A COD FISH lies on board the Emulate II fishing trawler.
BLOOMBERG FILE PHOTO/SUZANNE PLUNKETT
By Michael Souza PBN Staff Writer
Ever-wary local fishermen welcome the Sept. 13 U.S. Department of Commerce declaration of the New England groundfish fishery as a national disaster, but they wonder if any federal money that follows to Rhode Island will get to those who need it before it’s too late.
“The possibility of monies being appropriated for this questionable groundfish closure, if in fact it finds its way to Rhode Island, needs to be directed to an institution that represents an overwhelming majority of the fishing community,” said Richard L. Fuka, president of the Rhode Island Fishermen’s Alliance. “Currently there is no such institution that can fill that job description. My concern, as the leader of the state’s largest commercial-fisheries organization, is the Rhode Island fishing community not having a voice in directing any money in the proper direction.”
Robert J. Ballou, assistant to the director of the R.I. Department of Environmental Management, understands Fuka’s concerns.
“There is no pot of money that has already been set aside, like the Federal Emergency Management Agency,” Ballou told Providence Business News last week. “I don’t think anyone expects the federal government to start cutting checks as a way to address the problem. I think [fishermen] are hoping for a very solid, balanced, comprehensive investment in the fisheries that will enable them to move forward by helping with [their] costs.”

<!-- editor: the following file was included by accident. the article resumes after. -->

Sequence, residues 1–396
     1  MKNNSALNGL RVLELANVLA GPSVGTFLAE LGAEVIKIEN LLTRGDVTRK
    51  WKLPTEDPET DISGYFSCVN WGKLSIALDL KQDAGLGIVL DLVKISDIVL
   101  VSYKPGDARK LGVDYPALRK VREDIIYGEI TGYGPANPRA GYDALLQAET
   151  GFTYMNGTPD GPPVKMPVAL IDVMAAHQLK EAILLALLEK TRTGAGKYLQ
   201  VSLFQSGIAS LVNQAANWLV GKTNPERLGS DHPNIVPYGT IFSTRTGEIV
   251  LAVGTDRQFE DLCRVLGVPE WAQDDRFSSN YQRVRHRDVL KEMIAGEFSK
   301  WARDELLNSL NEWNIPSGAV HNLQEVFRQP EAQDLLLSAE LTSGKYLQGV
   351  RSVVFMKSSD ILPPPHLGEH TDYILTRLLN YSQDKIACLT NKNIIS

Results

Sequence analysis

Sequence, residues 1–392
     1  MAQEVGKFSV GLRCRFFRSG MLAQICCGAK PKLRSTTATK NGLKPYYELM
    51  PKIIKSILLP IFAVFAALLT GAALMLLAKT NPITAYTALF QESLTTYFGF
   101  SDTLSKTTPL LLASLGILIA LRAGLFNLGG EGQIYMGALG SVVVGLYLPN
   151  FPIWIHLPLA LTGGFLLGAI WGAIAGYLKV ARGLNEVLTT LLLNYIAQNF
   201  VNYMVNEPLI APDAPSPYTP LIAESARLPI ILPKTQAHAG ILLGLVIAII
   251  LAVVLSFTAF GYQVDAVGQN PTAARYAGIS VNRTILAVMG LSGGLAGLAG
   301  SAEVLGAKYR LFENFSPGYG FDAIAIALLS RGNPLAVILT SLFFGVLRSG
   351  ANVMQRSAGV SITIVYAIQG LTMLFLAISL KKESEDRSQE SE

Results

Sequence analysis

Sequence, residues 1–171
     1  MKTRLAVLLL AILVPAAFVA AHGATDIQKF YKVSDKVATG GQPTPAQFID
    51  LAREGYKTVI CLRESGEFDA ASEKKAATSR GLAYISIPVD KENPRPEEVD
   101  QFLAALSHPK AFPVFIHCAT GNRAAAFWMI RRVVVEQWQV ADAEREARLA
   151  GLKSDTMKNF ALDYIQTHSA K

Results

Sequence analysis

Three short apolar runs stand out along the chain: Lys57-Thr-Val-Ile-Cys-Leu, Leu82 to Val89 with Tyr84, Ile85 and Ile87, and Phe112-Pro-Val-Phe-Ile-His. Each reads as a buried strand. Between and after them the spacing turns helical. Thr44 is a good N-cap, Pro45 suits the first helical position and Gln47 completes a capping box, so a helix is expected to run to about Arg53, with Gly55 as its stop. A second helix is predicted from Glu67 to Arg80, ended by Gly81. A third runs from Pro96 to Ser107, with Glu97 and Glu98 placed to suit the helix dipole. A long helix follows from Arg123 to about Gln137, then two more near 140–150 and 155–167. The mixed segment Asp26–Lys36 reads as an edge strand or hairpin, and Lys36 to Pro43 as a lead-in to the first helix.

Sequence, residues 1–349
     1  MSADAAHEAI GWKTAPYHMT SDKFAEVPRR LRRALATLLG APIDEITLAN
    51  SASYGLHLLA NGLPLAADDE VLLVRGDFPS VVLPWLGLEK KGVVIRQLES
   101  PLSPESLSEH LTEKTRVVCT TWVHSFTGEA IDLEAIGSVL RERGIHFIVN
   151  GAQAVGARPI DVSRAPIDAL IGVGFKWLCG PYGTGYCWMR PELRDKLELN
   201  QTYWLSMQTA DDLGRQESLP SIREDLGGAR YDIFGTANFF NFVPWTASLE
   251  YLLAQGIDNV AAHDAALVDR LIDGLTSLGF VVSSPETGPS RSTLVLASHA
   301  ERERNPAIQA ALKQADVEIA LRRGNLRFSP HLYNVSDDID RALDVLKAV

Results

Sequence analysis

Quotas for several species such as cod, haddock and yellowtail flounder are expected to be cut by 70 percent in 2013, leaving some independent fishermen on the doorstep of disaster.
The disaster declaration allows Congress to provide monetary relief for fishermen and their communities. The declaration is viewed by fishermen as acknowledgement that the current catch-shares system of regulating groundfish and enforced since May 1, 2010, has caused economic stress in the states of Maine, Massachusetts, New Hampshire and Rhode Island. The question remains how much will be appropriated and how will it specifically be used to assist fishermen. A letter to Congress, co-signed by the states’ four governors, requested $100 million in assistance.
According to the governors’ letter, each state will develop a detailed spending plan to address their needs. Funds will provide assistance through investments in the safety and sustainability of the fleet, provide job training for fishermen to help deal with changes in fishery management, or temporary financial relief. The aid also will support sector operating costs and cover at-sea monitoring costs. Some funds will be used for research focused on improving stock assessments and the systems of data collection for the fishery. With the livelihood of some fishing communities at stake, the improvement of fisheries science remains a top priority for many in the industry.